Discussion in 'Politics' started by Mindgrinder, Oct 19, 2013.
Michael Geist - Canada - EU Trade Agreement Reached "In Principle", Part One: Now Release the Text
Canada - EU Trade Agreement Reached "In Principle", Part One: Now Release the Text
Friday October 18, 2013
Canada and the European Union this morning formallyannounced that it they have reached an agreement in principle on the Canada - EU Trade Agreement (CETA) (additional posts on the IP provisions, telecom and e-commerce provisions, and the big win for pharmaceutical companies despite declining Canadian investment in research and development). Unfortunately, there was no release of the text and one is apparently not forthcoming for some time as the government argues that there is still some drafting and legal analysis needed (and presumably translation into several languages). However, without the actual text, the public is forced to rely on summary documents that merely provide an overview of the agreement. A transparent process mandates that all Canadians have access to the full text. While the approval process will take a couple of years, Canada and the EU should release the draft text now.
Michael Geist - Canada - EU Trade Agreement Reached "In Principle", Part Two: The Intellectual Property Provisions
Canada - EU Trade Agreement Reached "In Principle", Part Two: The Intellectual Property Provisions
Friday October 18, 2013
Intellectual property was one of the most contentious aspects of the CETA negotiations, with copyright, patents, and geographic indications all sources of concern. A summary of the impact of CETA on each is posted below (additional posts on the need to release the text and thetelecom and e-commerce provisions).
Early CETA drafts included extensive copyright provisions that would have rendered Canadian copyright law virtually unrecognizable from its current state. The EU position on copyright changed after two developments in 2012. First, Canada passed long-awaited copyright reform that addressed several concerns, most notably legal protection for digital locks and ISP liability. Second, the EU abandoned many of the remaining demands after the European Parliament voted overwhelmingly in July 2012 to reject Anti-Counterfeiting Trade Agreement, striking a major blow to the hopes of supporters who envisioned a landmark agreement that would set a new standard for intellectual property rights enforcement.
The resulting copyright provisions appear benign, as the government is claiming that CETA is consistent with current Canadian law:
CETA echoes the recent Copyright Modernization Act, which supports advances in technology and international standards. It will enhance the ability of copyright owners to benefit from their work while at the same time allowing Internet service providers, educators, students and businesses the tools they need to use new technologies in innovative ways. CETA also brings Canada in line with the World Intellectual Property Organization Internet Treaties. CETA upholds the right balance struck in the Copyright Modernization Act between the needs of creators and users and is supported by creator groups, consumer organizations and businesses that help drive Canada’s economy.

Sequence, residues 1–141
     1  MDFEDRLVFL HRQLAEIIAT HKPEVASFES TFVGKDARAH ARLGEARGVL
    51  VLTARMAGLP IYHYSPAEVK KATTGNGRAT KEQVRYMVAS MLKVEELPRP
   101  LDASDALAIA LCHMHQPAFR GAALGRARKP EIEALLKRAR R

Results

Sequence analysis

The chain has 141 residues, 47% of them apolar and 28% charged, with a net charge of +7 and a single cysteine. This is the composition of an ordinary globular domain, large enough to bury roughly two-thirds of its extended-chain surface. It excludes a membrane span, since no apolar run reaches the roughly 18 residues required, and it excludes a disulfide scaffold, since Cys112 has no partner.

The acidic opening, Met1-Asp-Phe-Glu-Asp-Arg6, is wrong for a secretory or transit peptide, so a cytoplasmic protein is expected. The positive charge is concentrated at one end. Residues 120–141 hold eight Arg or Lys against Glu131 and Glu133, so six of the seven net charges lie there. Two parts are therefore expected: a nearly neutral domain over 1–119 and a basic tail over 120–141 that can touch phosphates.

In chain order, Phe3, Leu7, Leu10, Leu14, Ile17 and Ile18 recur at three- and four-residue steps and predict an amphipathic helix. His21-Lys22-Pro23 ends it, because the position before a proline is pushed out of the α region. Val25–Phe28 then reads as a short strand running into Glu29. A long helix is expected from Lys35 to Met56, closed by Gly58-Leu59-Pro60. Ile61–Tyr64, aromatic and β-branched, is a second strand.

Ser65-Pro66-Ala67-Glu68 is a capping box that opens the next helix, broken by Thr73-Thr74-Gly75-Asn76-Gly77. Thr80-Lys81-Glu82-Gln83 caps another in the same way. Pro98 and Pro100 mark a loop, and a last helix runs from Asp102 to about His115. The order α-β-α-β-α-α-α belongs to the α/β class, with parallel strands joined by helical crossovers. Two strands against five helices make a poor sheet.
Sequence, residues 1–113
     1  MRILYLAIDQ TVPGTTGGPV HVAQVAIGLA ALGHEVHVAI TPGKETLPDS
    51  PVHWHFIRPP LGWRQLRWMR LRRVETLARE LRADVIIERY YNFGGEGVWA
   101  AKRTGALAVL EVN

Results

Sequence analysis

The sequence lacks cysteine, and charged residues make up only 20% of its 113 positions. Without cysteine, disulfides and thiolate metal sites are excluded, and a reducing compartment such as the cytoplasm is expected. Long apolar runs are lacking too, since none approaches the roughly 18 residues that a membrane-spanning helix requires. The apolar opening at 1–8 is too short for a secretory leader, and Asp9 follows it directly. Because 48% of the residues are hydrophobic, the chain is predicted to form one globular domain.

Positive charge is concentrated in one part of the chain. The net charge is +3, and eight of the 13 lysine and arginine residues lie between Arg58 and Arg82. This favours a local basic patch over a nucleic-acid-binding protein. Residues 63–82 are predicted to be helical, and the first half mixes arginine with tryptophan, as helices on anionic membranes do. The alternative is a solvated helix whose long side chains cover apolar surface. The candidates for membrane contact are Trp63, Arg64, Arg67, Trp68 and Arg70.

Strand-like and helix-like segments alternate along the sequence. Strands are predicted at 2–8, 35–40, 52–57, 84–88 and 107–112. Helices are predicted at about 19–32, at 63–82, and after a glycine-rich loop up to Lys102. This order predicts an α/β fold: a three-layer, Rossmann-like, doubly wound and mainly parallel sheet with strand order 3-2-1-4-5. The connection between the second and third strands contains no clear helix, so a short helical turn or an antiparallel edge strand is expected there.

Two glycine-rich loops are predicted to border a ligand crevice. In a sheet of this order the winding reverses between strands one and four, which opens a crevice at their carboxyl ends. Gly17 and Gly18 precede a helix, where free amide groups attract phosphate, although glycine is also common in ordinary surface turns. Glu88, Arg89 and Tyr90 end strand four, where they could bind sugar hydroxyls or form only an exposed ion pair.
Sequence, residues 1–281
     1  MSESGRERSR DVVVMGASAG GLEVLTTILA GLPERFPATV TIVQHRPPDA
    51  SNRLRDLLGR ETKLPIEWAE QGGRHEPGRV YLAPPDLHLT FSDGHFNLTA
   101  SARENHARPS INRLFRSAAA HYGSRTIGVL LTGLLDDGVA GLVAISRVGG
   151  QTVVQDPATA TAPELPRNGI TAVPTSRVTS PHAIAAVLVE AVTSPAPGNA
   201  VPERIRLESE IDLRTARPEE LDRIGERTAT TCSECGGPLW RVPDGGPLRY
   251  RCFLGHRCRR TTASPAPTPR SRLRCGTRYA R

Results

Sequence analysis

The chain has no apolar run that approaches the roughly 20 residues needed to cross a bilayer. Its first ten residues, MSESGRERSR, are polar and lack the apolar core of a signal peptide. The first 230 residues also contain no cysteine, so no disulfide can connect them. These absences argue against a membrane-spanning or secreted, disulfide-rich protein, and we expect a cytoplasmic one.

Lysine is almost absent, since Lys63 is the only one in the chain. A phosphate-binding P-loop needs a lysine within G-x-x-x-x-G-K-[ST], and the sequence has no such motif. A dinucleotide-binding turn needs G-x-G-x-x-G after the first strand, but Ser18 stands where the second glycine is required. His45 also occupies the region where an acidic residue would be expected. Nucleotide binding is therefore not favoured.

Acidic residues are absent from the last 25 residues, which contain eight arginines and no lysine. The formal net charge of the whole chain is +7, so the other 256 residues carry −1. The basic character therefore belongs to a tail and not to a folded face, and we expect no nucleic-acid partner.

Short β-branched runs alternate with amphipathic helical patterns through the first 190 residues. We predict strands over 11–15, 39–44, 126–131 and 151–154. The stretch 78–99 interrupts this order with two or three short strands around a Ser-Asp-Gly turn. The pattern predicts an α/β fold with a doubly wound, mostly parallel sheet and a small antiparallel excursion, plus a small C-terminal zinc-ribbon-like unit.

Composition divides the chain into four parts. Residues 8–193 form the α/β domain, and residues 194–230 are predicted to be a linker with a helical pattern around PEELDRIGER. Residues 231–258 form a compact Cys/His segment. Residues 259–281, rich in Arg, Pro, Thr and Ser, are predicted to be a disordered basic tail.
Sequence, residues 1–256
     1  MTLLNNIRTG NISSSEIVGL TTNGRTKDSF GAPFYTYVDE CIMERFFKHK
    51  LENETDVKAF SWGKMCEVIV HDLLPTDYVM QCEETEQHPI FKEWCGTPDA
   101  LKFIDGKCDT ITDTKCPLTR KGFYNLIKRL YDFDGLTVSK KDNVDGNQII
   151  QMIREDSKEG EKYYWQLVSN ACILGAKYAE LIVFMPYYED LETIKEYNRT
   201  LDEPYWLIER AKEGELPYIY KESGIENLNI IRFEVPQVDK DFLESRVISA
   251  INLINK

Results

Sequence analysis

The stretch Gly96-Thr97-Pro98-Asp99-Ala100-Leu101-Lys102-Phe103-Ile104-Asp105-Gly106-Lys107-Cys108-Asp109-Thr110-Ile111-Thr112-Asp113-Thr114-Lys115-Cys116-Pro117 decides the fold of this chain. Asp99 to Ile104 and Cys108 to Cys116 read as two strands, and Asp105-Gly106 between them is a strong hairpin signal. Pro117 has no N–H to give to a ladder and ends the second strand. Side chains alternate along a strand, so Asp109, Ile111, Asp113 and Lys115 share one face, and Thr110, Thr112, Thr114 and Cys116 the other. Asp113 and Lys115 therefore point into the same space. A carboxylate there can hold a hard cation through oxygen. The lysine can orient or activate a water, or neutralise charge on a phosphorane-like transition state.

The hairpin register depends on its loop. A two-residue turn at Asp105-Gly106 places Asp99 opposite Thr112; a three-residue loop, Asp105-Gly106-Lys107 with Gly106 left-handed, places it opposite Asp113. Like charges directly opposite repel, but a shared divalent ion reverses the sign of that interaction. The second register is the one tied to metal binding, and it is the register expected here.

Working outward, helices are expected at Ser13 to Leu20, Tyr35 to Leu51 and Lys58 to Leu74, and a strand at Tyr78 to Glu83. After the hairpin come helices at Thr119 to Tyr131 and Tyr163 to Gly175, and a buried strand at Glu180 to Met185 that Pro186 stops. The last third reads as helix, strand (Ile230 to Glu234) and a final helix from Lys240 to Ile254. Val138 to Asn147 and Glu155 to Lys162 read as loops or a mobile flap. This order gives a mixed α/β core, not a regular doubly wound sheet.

Canadian law is already in line with the WIPO Internet treaties (the ratification process is currently underway) and the reference to "upholding the right balance" suggests no further legislative reforms will be needed.
Patents was the other major source of contention with Canada expected to cave on several reforms that would increase pharmaceutical costs for Canadians and benefit the large pharmaceutical companies. The summary document suggests that the pharmaceutical companies only got part of what they wanted. They had demanded both data exclusivity (which refers to restrictions on the use of clinical test data by generic competitors) and patent term restoration (which refers to the extension of patents to account for a period when a patent is granted but other approvals for sale of the drug are pending). The EU got patent term restoration, which will allow the large pharmaceutical companies to extend the term of their patents and keep generics off the market for an extended period of time. Prime Minister Stephen Harper hasadmitted that this will result in higher health care costs, while a new government report indicates that pharmaceutical investment in research and development in Canada continues to decline. The summary states: